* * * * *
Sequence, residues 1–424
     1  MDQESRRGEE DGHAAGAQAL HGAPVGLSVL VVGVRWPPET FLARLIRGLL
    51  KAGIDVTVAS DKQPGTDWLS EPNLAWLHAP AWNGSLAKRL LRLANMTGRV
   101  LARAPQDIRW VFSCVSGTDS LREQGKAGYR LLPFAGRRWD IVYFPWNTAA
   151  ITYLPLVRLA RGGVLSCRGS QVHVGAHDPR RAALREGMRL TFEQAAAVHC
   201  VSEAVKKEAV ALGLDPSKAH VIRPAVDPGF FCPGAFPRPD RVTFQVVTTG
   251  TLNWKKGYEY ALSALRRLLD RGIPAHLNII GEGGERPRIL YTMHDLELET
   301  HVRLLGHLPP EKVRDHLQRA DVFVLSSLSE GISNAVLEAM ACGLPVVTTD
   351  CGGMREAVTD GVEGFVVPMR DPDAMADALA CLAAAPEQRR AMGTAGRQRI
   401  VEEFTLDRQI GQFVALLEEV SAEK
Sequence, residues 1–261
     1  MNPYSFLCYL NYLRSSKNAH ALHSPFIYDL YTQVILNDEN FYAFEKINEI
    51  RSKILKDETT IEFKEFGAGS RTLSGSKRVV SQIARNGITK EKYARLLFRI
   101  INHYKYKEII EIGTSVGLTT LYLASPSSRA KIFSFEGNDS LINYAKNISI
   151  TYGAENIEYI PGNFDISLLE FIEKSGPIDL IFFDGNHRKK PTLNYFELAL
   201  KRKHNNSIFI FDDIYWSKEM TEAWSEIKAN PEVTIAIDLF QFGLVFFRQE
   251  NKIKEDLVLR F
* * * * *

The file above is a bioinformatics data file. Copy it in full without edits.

Sequence, residues 1–424
     1  MDQESRRGEE DGHAAGAQAL HGAPVGLSVL VVGVRWPPET FLARLIRGLL
    51  KAGIDVTVAS DKQPGTDWLS EPNLAWLHAP AWNGSLAKRL LRLANMTGRV
   101  LARAPQDIRW VFSCVSGTDS LREQGKAGYR LLPFAGRRWD IVYFPWNTAA
   151  ITYLPLVRLA RGGVLSCRGS QVHVGAHDPR RAALREGMRL TFEQAAAVHC
   201  VSEAVKKEAV ALGLDPSKAH VIRPAVDPGF FCPGAFPRPD RVTFQVVTTG
   251  TLNWKKGYEY ALSALRRLLD RGIPAHLNII GEGGERPRIL YTMHDLELET
   301  HVRLLGHLPP EKVRDHLQRA DVFVLSSLSE GISNAVLEAM ACGLPVVTTD
   351  CGGMREAVTD GVEGFVVPMR DPDAMADALA CLAAAPEQRR AMGTAGRQRI
   401  VEEFTLDRQI GQFVALLEEV SAEK
Sequence, residues 1–261
     1  MNPYSFLCYL NYLRSSKNAH ALHSPFIYDL YTQVILNDEN FYAFEKINEI
    51  RSKILKDETT IEFKEFGAGS RTLSGSKRVV SQIARNGITK EKYARLLFRI
   101  INHYKYKEII EIGTSVGLTT LYLASPSSRA KIFSFEGNDS LINYAKNISI
   151  TYGAENIEYI PGNFDISLLE FIEKSGPIDL IFFDGNHRKK PTLNYFELAL
   201  KRKHNNSIFI FDDIYWSKEM TEAWSEIKAN PEVTIAIDLF QFGLVFFRQE
   251  NKIKEDLVLR F